GUEST POST: Not that long ago, the only choice when it came to nut butters was smooth or crunchy peanut butter. Now the preserves shelves in health food shops are offering a choice of almond, cashew and brazil alternatives – but what are the health benefits?
While nuts may contain a seemingly high amount of calories and fat – they can play a role (in the right portions!) in a well-balanced, healthy diet. Most of the fat in nuts is the healthy unsaturated type, plus they are a fabulously well-rounded source of protein, vitamins E and B group, minerals including copper, zinc and magnesium and fibre. They are a great on-the-go snack with a low glycaemic index to help you feel fuller for longer and help suppress appetite. You can easily make your own, just by blitzing nuts (pre-roast for a few minutes if you like) in a food processor until the natural oils are released to form a buttery texture. But if you go for shop-bought, check the label to find one that has no hidden nasties like sugar or palm oil.
Here’s our breakdown of the pros and cons of the nut butter aisle:
Peanut (not a true nut, but a legume, we have included it here as it is conventionally grouped with other tree nuts to consumers):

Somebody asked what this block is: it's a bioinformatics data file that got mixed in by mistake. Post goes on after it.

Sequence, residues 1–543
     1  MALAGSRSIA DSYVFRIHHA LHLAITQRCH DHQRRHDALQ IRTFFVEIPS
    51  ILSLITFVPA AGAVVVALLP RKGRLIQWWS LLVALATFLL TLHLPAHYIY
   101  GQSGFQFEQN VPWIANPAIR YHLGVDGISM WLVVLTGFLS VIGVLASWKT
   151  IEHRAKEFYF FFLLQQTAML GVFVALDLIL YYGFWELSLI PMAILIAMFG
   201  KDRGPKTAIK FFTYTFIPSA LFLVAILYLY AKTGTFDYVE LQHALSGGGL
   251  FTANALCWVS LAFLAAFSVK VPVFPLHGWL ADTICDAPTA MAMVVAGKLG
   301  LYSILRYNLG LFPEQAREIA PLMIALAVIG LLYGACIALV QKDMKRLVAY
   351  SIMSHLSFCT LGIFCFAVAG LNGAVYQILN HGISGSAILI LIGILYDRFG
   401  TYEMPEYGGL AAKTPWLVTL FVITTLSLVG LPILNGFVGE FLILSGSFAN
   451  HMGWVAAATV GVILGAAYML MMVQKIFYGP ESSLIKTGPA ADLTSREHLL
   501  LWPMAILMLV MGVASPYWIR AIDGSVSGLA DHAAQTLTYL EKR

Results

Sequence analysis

Pros: A good source of protein; highest folic acid content (useful during pregnancy) as well as being high in healthy monounsaturated fats and vitamin E.
Cons: Some brands have a little added sugar but these days many have none added.
Pros: Highest in zinc, copper and iron – naturally sweeter than many other nut butters.
Cons: Less protein than other nuts.
Pros: One of the lowest in calories and the highest in protein, fibre and calcium.
Cons: Relatively few, although some brands can have a bitter aftertaste.
Pros: Good for men, as 1-2 nuts nut delivers your recommended daily intake of the mineral selenium, which may help protect against prostate cancer and heart disease.
Cons: The most expensive option when it comes to nut butters.
Pros: One of the few vegetarian sources of the omega-3 fatty acid, ALA some of which can be converted to long chain omega 3 known to be involved in heart health.
Cons: Bitter aftertaste, slightly lower protein and slightly higher in fat than some other nut butters.
Pros: One of the lowest percentages of saturated fat (along with pine nuts and almonds); highest proanthocyanidins (PACs) content of all nut butters. The antioxidant capabilities of PACs are likely to be 20 times more potent than vitamin C and 50 times more potent than Vitamin E.
Cons: Often found to be coupled with chocolate spreads so read the label carefully!
TIP: Most nut butters characteristically separate when stored, this doesn’t affect their nutritional value, simply stir to combine before eating.
3 nut butter serving suggestions
- Add a teaspoonful to your morning smoothie for added protein, to help you feel fuller longer.
- Spread a teaspoonful thinly on slices of apple or pear – the fibre in nut butter helps to slow down digestion and absorption of sugars from the fruit.
- Wholegrain toast spread with a thin spread of peanut butter and topped with a sliced banana is a great breakfast or why not try this as a sandwich filling?
Feature courtesy of Dr Sally Norton, NHS weight loss consultant surgeon. UK health expert. Founder of www.vavistalife.com